Research output: Contribution to journalArticle

Ishigami, Kousei ; Yoshimitsu, Kengo ; Irie, Hiroyuki ; Tajima, Tsuyoshi ; Asayama, Yoshiki ; Hirakawa, Masakazu ; Kakihara, Daisuke ; Shioyama, Yoshiyuki ; Nishihara, Yunosuke ; Yamaguchi, Koji ; Honda, Hiroshi. / Significance of mesenteric lymphadenopathy after pancreaticoduodenectomy for periampullary carcinomas : Evaluation with serial MDCT studies. In: European Journal of Radiology. 2007 ; Vol. 61, No. 3. pp. 491-498.
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abstract = "Objective: To evaluate the significance of mesenteric lymphadenopathy arising after pancreaticoduodenectomy (PD) for periampullary carcinomas. Materials and methods: Serial multidetector CT (MDCT) studies in 44 patients after PD for periampullary carcinomas (Group A) were retrospectively reviewed, the incidence and interval changes of mesenteric lymphadenopathy were evaluated, and comparisons were made with 21 patients who underwent PD for benign diseases (Group B). Results: In Group A, mesenteric lymphadenopathy was seen in 31 of 44 (70.5{\%}) patients. The short axis diameter of the largest lymph node ranged from 6.2 to 11.5 mm (mean ± S.D.: 8.6 ± 1.4 mm), and the short-axis-to-long-axis (S/L) ratio ranged from 0.46 to 0.99 (mean ± S.D.: 0.69 ± 0.12). Six of the 31 (19.4{\%}) mesenteric lymphadenopathy cases showed interval increases in size on follow-up studies, and three cases showed new development of mesenteric lymphadenopathy: all of these nine cases had concurrent recurrence in the mesenteric root. In Group B, 11 (52.4{\%}) had mesenteric lymphadenopathy. The short axis diameter of the largest lymph node ranged from 5.6 to 10.9 mm (mean ± S.D.: 8.0 ± 1.9 mm) and the S/L ratio ranged from 0.48 to 0.93 (mean ± S.D.: 0.67 ± 0.12). Differences in the incidence, short axis diameter and S/L ratio were not significant between Groups A and B (p = 0.154, 0.271 and 0.654, respectively). Conclusion: Mesenetric lymphadenopathy after PD less likely reflects recurrence. Lymph node metastasis may be suggested only when coexisting recurrent mass is found in the proximal mesenteric root.",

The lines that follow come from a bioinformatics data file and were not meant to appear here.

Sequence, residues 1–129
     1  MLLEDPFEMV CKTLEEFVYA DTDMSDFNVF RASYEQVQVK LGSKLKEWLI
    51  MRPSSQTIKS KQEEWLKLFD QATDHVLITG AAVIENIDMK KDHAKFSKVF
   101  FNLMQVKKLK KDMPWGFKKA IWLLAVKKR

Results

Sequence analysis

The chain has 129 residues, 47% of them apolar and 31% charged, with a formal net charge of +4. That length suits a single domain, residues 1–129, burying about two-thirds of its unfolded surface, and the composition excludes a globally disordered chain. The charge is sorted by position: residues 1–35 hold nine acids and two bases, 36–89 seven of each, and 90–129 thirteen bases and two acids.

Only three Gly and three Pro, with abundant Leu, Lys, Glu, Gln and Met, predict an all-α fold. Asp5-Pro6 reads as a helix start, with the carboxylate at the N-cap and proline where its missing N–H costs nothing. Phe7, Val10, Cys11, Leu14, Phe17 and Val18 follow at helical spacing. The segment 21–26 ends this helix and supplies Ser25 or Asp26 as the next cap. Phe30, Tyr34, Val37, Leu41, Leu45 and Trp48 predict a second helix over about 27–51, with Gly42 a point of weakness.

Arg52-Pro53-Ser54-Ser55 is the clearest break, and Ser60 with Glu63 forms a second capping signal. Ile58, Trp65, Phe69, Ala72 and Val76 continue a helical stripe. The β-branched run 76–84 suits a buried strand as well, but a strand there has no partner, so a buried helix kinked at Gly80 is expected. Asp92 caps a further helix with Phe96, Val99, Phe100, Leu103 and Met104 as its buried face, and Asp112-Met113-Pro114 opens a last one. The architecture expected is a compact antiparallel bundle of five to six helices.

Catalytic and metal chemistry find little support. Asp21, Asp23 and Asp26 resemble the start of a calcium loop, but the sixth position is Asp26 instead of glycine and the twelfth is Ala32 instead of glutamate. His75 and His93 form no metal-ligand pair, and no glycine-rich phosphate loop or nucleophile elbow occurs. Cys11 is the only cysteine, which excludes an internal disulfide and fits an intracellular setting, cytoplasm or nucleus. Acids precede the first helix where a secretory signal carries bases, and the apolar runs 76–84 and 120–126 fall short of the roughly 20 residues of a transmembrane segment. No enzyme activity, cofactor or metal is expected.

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T1 - Significance of mesenteric lymphadenopathy after pancreaticoduodenectomy for periampullary carcinomas

T2 - Evaluation with serial MDCT studies

AU - Ishigami, Kousei

AU - Yoshimitsu, Kengo

AU - Irie, Hiroyuki

AU - Tajima, Tsuyoshi

AU - Asayama, Yoshiki

AU - Hirakawa, Masakazu

AU - Kakihara, Daisuke

AU - Shioyama, Yoshiyuki

AU - Nishihara, Yunosuke

AU - Yamaguchi, Koji

AU - Honda, Hiroshi

PY - 2007/3/1

Y1 - 2007/3/1